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Transcript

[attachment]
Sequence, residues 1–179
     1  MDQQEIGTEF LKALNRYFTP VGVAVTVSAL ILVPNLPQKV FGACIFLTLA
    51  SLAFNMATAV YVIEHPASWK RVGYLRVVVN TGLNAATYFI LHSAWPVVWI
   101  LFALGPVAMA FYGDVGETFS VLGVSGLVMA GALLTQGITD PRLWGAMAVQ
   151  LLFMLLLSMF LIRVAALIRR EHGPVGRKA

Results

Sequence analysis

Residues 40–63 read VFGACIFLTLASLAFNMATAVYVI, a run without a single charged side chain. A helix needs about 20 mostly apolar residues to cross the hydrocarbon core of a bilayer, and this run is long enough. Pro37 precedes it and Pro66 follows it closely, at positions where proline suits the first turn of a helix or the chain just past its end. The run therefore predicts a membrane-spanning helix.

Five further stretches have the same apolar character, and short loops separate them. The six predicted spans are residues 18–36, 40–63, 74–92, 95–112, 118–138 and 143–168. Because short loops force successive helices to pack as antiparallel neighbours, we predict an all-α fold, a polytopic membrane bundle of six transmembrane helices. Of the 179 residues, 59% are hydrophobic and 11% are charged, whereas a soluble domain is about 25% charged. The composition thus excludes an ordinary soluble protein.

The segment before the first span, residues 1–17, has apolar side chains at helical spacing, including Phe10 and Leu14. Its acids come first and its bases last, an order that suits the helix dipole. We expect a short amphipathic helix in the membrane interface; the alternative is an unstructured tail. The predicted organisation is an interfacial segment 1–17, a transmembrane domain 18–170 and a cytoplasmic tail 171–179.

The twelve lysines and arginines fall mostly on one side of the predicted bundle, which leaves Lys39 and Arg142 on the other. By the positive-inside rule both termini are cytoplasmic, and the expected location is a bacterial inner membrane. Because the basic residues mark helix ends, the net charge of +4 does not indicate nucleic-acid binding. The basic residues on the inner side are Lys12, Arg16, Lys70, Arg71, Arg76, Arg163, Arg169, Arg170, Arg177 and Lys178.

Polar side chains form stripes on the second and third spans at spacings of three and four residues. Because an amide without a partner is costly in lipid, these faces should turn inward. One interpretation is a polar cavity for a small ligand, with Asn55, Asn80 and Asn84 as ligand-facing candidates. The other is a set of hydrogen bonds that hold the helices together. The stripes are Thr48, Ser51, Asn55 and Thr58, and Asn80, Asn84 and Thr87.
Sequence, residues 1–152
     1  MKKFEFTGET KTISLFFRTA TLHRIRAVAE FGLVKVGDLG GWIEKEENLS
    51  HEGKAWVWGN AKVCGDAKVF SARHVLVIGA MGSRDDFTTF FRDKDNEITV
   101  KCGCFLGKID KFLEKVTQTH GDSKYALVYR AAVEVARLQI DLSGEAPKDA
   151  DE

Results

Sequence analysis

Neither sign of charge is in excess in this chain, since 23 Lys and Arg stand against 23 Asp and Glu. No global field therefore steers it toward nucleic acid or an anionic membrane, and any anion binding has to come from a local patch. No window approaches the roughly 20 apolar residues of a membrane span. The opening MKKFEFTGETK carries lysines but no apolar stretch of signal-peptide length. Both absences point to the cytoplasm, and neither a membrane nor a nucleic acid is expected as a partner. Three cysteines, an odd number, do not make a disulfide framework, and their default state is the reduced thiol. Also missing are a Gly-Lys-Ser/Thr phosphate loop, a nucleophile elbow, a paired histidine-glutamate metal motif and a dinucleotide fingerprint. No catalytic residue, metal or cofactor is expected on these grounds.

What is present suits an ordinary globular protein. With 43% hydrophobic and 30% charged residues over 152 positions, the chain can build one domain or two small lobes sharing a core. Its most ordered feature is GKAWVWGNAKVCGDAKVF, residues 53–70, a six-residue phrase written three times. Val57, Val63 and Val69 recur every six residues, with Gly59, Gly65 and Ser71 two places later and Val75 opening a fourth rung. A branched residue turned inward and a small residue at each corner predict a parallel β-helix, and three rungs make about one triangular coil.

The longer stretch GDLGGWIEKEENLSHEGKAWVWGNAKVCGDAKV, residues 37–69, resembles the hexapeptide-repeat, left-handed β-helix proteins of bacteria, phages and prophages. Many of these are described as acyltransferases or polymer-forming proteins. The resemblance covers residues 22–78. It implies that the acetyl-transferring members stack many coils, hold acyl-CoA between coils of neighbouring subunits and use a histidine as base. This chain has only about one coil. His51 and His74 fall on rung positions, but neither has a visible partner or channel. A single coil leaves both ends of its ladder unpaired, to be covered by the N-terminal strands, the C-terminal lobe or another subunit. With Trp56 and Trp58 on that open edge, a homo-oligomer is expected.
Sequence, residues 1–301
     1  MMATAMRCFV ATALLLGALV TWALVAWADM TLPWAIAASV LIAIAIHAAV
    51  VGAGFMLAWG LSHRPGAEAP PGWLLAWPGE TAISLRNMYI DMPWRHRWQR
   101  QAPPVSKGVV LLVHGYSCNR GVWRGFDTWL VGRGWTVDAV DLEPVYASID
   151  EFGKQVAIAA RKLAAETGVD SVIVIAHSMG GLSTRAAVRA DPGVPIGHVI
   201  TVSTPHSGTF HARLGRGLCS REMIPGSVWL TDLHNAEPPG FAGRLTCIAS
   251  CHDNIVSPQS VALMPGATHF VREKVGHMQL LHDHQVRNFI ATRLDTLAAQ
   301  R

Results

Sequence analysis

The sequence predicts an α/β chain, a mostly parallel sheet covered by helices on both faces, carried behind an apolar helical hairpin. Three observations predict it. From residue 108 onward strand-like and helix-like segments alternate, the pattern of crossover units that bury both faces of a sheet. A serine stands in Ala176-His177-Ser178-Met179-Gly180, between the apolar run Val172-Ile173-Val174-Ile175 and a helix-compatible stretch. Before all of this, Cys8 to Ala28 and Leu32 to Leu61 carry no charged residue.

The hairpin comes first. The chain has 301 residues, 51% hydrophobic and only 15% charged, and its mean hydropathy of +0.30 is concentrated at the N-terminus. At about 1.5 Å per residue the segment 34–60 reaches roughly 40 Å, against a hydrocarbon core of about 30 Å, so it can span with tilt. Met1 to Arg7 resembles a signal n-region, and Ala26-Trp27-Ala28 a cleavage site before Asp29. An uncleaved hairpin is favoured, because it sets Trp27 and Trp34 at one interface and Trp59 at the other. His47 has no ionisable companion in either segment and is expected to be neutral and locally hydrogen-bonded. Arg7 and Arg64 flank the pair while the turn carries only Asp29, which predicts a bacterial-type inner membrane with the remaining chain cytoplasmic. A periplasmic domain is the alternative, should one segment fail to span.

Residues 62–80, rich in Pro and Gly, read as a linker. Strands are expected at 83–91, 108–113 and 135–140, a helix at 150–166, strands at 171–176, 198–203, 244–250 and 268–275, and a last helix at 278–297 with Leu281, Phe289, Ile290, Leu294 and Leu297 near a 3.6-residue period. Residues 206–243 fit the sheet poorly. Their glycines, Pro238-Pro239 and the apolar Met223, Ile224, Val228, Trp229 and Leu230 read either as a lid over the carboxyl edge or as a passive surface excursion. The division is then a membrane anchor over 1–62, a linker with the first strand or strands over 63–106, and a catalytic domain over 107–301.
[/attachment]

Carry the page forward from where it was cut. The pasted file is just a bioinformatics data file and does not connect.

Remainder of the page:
KTH ROYAL INSTITUTE OF TECHNOLOGY Wave Optics and Gaussian Beams Ruslan Ivanov OFO/ICT Outline • • • • Differential approach: Paraxial Wave equation Integral approach: Huygens’ integral Gaussian Spherical Waves Higher-Order Gaussian Modes • Lowest Order Mode using differential approach • The ”standard” Hermite Polynomial solutions • The ”elegant” Hermite Polynomial solutions • Astigmatic Mode functions • Gaussian Beam Propagation in Ducts • Numerical beam propagation methods 2 The paraxial wave equation EM field in free space Extracting the primary propagation factor: 3 The paraxial wave equation EM field in free space Extracting the primary propagation factor: Paraxial approximation: , , 4 The paraxial wave equation EM field in free space Paraxial approximation: , , The paraxial wave equation then becomes 5 The paraxial wave equation EM field in free space Paraxial approximation: , , The paraxial wave equation , where – - transverse coordinates - Laplacian operator in theses coordinates 6 Validity of the Paraxial Approximation Arbitrary optical beam can be viewed as a superposition of plane wave components travelling at various angles to z axis 7 Validity of the Paraxial Approximation θ << 1 The reduced wave amplitude + 8 Validity of the Paraxial Approximation The reduced wave amplitude 9 Validity of the Paraxial Approximation The reduced wave amplitude To remind: Paraxial approximation , , θ2/4<<1, i.e. θ<0.5 rad 10 Validity of the Paraxial Approximation The reduced wave amplitude To remind: Paraxial approximation , , θ2/4<<1, i.e. θ<0.5 rad Paraxial optical beams can diverge at cone angles up to ≈30 deg before significant corrections to approximation become necessary 11 Huygens' Integral: Huygens’ principle “Every point which a luminous disturbance reaches becomes a source of a spherical wave; the sum of these secondary waves determines the form of the wave at any subsequent time” WE , where 12 Huygens' Integral: Fresnel approximation Fresnel approximation: Paraxial-spherical wave PWE 13 Huygens' Integral Huygens’ principle ,where ρ(r,r0) – distance between source and observation points dS0 – incremental element of surface are at (s0,z0) cosθ (r,r0) – obliquity factor j/λ – normalization factor 14 Huygens' Integral Huygens’ integral θ<<1 cosθ≈1 Spherical wave Paraxial- spherical wave 15 Huygens' Integral Huygens’ integral θ<<1 cosθ≈1 Spherical wave Paraxialspherical wave Huygens’ integral in Fresnel approximation , or the reduced wavefunction (with L=z-z0) 16 Huygens' Integral Huygens’ integral in Fresnel approximation General form: - Huygens kernel - 1D kernel cilindrical wave an initial phase shift of the Huygens' wavelet compared to the actual field value at the input point Then, if u0 can be separated - 1D HuygensFresnel integral 17 Gaussian spherical waves (z-z0)>>x0,y0 Paraxial approximation Phase variations across transversal plane The radius of curvature of the wave plane Quadratic phase variation represents paraxial approximations, so it is valid close to z axis 18 Gaussian spherical waves (z-z0)>>x0,y0 Paraxial approximation Phase variations across transversal plane The radius of curvature of the wave plane Quadratic phase variation represents paraxial approximations, so it is valid close to z axis Inherent problem – the wave extends out to infinity in transversal direction! 19 Gaussian spherical waves: Complex point source The solution – to introduce a complex point source x0 → 0; y0 → 0; q0 - complex z0 → z0-q0 Substitute radius of curvature R(z) by complex radius Then Separate real and imaginary parts of q: 20 Gaussian spherical waves Convert into standard notation by denoting: the lowest-order spherical-gaussian beam solution in free space 21 Gaussian spherical waves Convert into standard notation by denoting: the lowest-order spherical-gaussian beam solution in free space , where R(z) – the radius of wave front curvature w(z) – “gaussian spot size” Note, that R(z) now should be derived from , while The complex source point derivation used is only one of 4 different ways 22 Gaussian spherical waves: differential approach From Paraxial Wave Equation approach: Assume a trial solution , with A(z) and q(z) being unknown functions 23 Gaussian spherical waves: differential approach From Paraxial Wave Equation approach: Leads to the exactly the same solution for the lowest-order sphericalgaussian beam 24 Higher-Order Gaussian Modes #1 Let’s again use a trial solution approach and restrict the problem to the 1D case the paraxial wave equation in 1D Trial solution: Considering the propagation rule q = q( z ) p = p( z ) x h = h p( z ) 25 Higher-Order Gaussian Modes #1 Let’s again use a trial solution approach and restrict the problem to the 1D case the paraxial wave equation in 1D Trial solution: Considering the propagation rule differential equation for the Hermite polynomials 26 Higher-Order Gaussian Modes #1 - defines different families of solutions 27 The "Standard" Hermite Polynomial Solutions Main assumption Motivation: solutions with the same normalized shape at every transverse plane z After proper normalization, one gets expression for the set of higher-order Hermite-Gaussian mode functions for a beam propagating in free space 28 The "Standard" Hermite Polynomial Solutions Rewrite involving the real spot size w(z) and a phase angle ψ(z) reason for the choice: ψ(z)=0 at the waist w(z)=w0 “After some algebra”: And the lowest order gaussian beam mode: 29 Guoy phase shift Rewrite involving the real spot size w(z) and a phase angle ψ(z) reason for the choice: ψ(z)=0 at the waist w(z)=w0 “After some algebra”: at n>0 – gives pure phase shift Only half of the phase shift comes from each transversal coordinate 30 Properties of the "Standard" Hermite Polynomial Solutions • Provide a complete basis set of orthogonal functions arbitrary paraxial optical beam And expansion coefficients depending on arbitrary choice of w0 and z0 n=2 31 Properties of the "Standard" Hermite Polynomial Solutions • Provide a complete basis set of orthogonal functions • Astigmatic modes unm ( x= , y , z ) u n ( x, z ) ⋅ u m ( y , z ) q0 (and w0,z0) can have different values in x and y directions of transversal plane astigmatic Gaussian beam modes 32 Properties of the "Standard" Hermite Polynomial Solutions • Provide a complete basis set of orthogonal functions • Astigmatic modes unm ( x= , y , z ) u n ( x, z ) ⋅ u m ( y , z ) q0 (and w0,z0) can have different values in x and y directions of transversal plane astigmatic Gaussian beam modes • Cylindrical coordinates: Laguerre-Gaussian modes p ≥ 0 - radial index m - asimuthal index 33 Properties of the "Standard" Hermite Polynomial Solutions Hermite-Gaussian laser modes Laguerre-Gaussian laser modes 34 The "Elegant" Hermite Polynomial Solutions Main assumption Motivation: having the same complex argument in Hermite ploynomial and gaussian exponent • biorthogonal to a set of adjoint functions • significant difference in high order modes with “standard” sets 35 The “standard” and “elegant” sets highorder solutions π w2 , with α = Rλ 36 Gaussian beam propagation in ducts Duct – is a graded index optical waveguided Solution: Gaussian eigenmode of the duct 1/2 w<< 1/ n2 37 Gaussian beam propagation in ducts Duct – is a graded index optical waveguided Beating of excited lower and higher-order eigenmodes propagating with different phase velocities 38 Numerical Beam Propagation Methods 1. Finite Difference Approach Beam propagation through inhomogeneous regions 39 Numerical Beam Propagation Methods 1. Finite Difference Approach 2. Fourier Transform Interpretation of Huygens Integral xN FFT x1 FFT remains a Gaussian 40 Numerical Beam Propagation Methods 3. Alternative Fourier Transform Approach the Huygens-Fresnel propagation integral appears as a single (scaled) Fourier transform between the input and output functions u0 and u single FT, but applied to a more complex input fucntion 41 Paraxial Plane Waves and Transverse Spatial Frequencies FT → expansion of the optical beam in a set of infinite plane waves traveling in slightly different directions Set of infinite plane waves θx,θy or spatial frequencies: sx, sy 42 KTH ROYAL INSTITUTE OF TECHNOLOGY Physical Properties of Gaussian Beams Ruslan Ivanov OFO/ICT Outline • • • • • Gaussian beam propagation • Aperture transmission • Beam collimation • Wavefront radius of curvature Gaussian beam focusing • Focus spot sizes and focus depth • Focal spot deviation Lens law and Gaussian mode matching Axial phase shifts Higher-order Gaussian modes • Hermite-Gaussian patterns • Higher-order mode sizes and aperturing • Spatial-frequency consideration 2 Gaussian beam Beam waist w0: R0=inf “Standard” hermite-gaussian solution (n=0) , where 3 Gaussian beam Beam waist w0: R0=inf “Standard” hermite-gaussian solution (n=0) , where 4 Aperture transmission The radial intensity variation of the beam 5 Aperture transmission The radial intensity variation of the beam 6 Aperture transmission The radial intensity variation of the beam + diffraction on aperture sharp edges 7 Gaussian beam collimation w( z R ) = 2 w0 zR characterizes switch from near-field (collimated beam) to far-field (linearly divergent beam) 8 Collimated Gaussian beam propagation D = π 2 w0 (99% criterion) 9 Far-field Gaussian beam propagation 1. The “Top-hat” criterion ATH = π w02 2 - effective source aperture area 10 Far-field Gaussian beam propagation 1. The “Top-hat” criterion 2. The 1/e criterion - Antenna theorem 11 Far-field Gaussian beam propagation 1. The “Top-hat” criterion 2. The 1/e criterion 3. The conservative criterion far-field beam angle 12 Far-field Gaussian beam propagation Wavefront radius of curvature 13 Far-field Gaussian beam propagation Wavefront radius of curvature Put two curved mirrors of radius R at the points ±zR to match exactly the wavefronts R(z) - Symmetric confocal resonator f = R 2 14 Gaussian beam focusing d 0 = 2 w0 1/e criterion Lens is in the far-field D = π w( f ) 99% criterion 1. Focused spot size lens radius a Larger gaussian beam is required for stronger focusing 15 Gaussian beam focusing 1. Focused spot size D = π w( f ) 99% criterion 2. Depth of focus - Region in which the beam can be thought collimated The beam focused to a spot Nλ in diameter will be N2λ in length 16 Gaussian beam focusing 1. Focused spot size 2. Depth of focus 3. Focal spot deviation ∆f << depth _ of _ focus - The effect is usually negligible (zR<<f) 17 Gaussian Mode Matching The problem: convert w1 at z1 to w2 at z2 Thin lens law The lens law for gaussian beams 18 Gaussian Mode Matching The problem: convert w1 at z1 to w2 at z2 Thin lens law: The lens law for gaussian beams 19 Gaussian Mode Matching The problem: convert w1 at z1 to w2 at z2 Gaussian-beam (Collins) chart The lens law for gaussian beams 20 Axial phase shifts Cumulative phase shift variation on the optical axis: Plane wave phase shift Added phase shift π / 2 when z → +∞ = ψ ( z ) arctan( z / z R ) → −π / 2 when z → −∞ The phase factor yields a phase shift relative to the phase of a plane wave when a Gaussian beam goes through a focus. 21 Axial phase shifts: The Guoy effect Valid for the beams with any reasonably simple cross section More pronounced for the higher modes: 1D→ Each wavelet will acquire exactly π/2 of extra phase shift in diverging from its point source or focus to the far field 22 Higher-Order Gaussian Modes Hermite-Gaussian TEMnm , where ψ ( z ) = arctan( z / z R ) 23 Higher-Order Gaussian Modes Hermite-Gaussian TEMnm , where ψ ( z ) = arctan( z / z R ) 24 Higher-Order Gaussian Modes The intensity pattern of any given TEMnm mode changes size but not shape as it propagates forward in z-a given TEMnm mode looks exactly the same Inherent property of the “Standard” Hermite-Gaussian solution 25 Higher-Order Mode Sizes - spatial period of the ripples • An aperture with radius a - works well for big n values Common rule: 26 Numerical Hermite-Gaussian Mode Expansion w, N - ? 27 Numerical Hermite-Gaussian Mode Expansion w, N - ? 28 Numerical Hermite-Gaussian Mode Expansion 29 Spatial Frequency Considerations Expand arbitrary function f(x) across an aperture 2a with a finite sum of N+1 gaussian modes : w, Nmax - ? 1. Calculate maximum spatial frequency of fluctuations in the function f(x) variations slower than 2. Select w, N so that the highest order TEMN: • at least fill the aperture • handle the highest spatial variation in the signal 30 31